While many lenders consider casual employees as high-risk borrowers because of their fluctuating incomes, there are a few specialist lenders, such as NAB, which may provide home loans to individuals employed on a casual basis. A NAB home loan for casual employment is essentially a low doc home loan specifically designed to help casually employed individuals who may be unable to provide standard financial documents. However, since such loans are deemed high risk compared to regular home loans, you could be charged higher rates and receive lower maximum LVRs (Loan to Value Ratio, which is the loan amount you can borrow against the value of the property).

While applying for a home loan as a casual employee, you will likely be asked to demonstrate that you've been working steadily and might need to provide group certificates for the last two years. It is at the lender’s discretion to pick either of the two group certificates and consider that to be your income. If you’ve not had the same job for several years, providing proof of income could be a bit of a challenge for you. In this scenario, some lenders may rely on your year to date (YTD) income, and instead calculate your yearly income from that.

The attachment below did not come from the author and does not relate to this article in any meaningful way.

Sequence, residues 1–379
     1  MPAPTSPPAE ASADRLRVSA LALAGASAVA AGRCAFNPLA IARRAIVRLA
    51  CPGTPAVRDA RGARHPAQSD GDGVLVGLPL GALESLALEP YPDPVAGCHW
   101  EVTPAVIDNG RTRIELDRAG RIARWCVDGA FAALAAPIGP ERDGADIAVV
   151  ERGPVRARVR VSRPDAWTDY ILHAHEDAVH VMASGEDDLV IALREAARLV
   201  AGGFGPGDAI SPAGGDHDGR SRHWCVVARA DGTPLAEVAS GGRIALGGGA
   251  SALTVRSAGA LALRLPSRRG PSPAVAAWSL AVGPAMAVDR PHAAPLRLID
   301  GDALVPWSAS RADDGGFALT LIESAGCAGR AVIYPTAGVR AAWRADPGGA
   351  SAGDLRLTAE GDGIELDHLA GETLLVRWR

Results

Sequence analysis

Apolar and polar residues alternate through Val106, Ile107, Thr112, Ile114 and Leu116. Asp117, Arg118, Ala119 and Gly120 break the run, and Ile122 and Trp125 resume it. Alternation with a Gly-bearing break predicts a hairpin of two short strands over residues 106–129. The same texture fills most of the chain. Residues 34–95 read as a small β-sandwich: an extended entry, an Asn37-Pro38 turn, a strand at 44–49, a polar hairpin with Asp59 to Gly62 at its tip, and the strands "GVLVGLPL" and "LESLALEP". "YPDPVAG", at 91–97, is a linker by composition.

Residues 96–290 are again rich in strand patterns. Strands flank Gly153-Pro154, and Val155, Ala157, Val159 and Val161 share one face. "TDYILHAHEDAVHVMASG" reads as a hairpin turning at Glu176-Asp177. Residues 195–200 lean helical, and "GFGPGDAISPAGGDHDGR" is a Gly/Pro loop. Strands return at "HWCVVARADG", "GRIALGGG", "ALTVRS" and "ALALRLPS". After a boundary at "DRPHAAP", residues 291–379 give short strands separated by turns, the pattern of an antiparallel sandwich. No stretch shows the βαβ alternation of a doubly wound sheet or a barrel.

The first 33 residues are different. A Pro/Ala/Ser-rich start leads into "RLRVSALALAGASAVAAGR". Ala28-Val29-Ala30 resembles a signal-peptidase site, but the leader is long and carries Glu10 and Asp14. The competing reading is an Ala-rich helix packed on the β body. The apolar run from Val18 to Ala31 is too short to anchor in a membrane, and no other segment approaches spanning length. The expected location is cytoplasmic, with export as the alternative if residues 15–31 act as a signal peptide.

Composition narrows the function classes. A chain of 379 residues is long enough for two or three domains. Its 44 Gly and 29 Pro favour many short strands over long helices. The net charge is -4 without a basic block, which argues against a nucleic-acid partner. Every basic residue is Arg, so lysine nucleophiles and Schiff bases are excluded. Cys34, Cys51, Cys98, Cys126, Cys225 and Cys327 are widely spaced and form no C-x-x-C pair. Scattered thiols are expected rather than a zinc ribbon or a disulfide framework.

Remaining loan term

The length of time it will take to pay off your current home loan, based on the currently-entered mortgage balance, monthly repayment and interest rate.

What is the best interest rate for a mortgage?

The fastest way to find out what the lowest interest rates on the market are is to use a comparison website.

While a low interest rate is highly preferable, it is not the only factor that will determine whether a particular loan is right for you.

Loans with low interest rates can often include hidden catches, such as high fees or a period of low rates which jumps up after the introductory period has ended.

To work out the best value for money, have a look at a loan’s comparison rate and read the fine print to get across all the fees and charges that you could be theoretically charged over the life of the loan.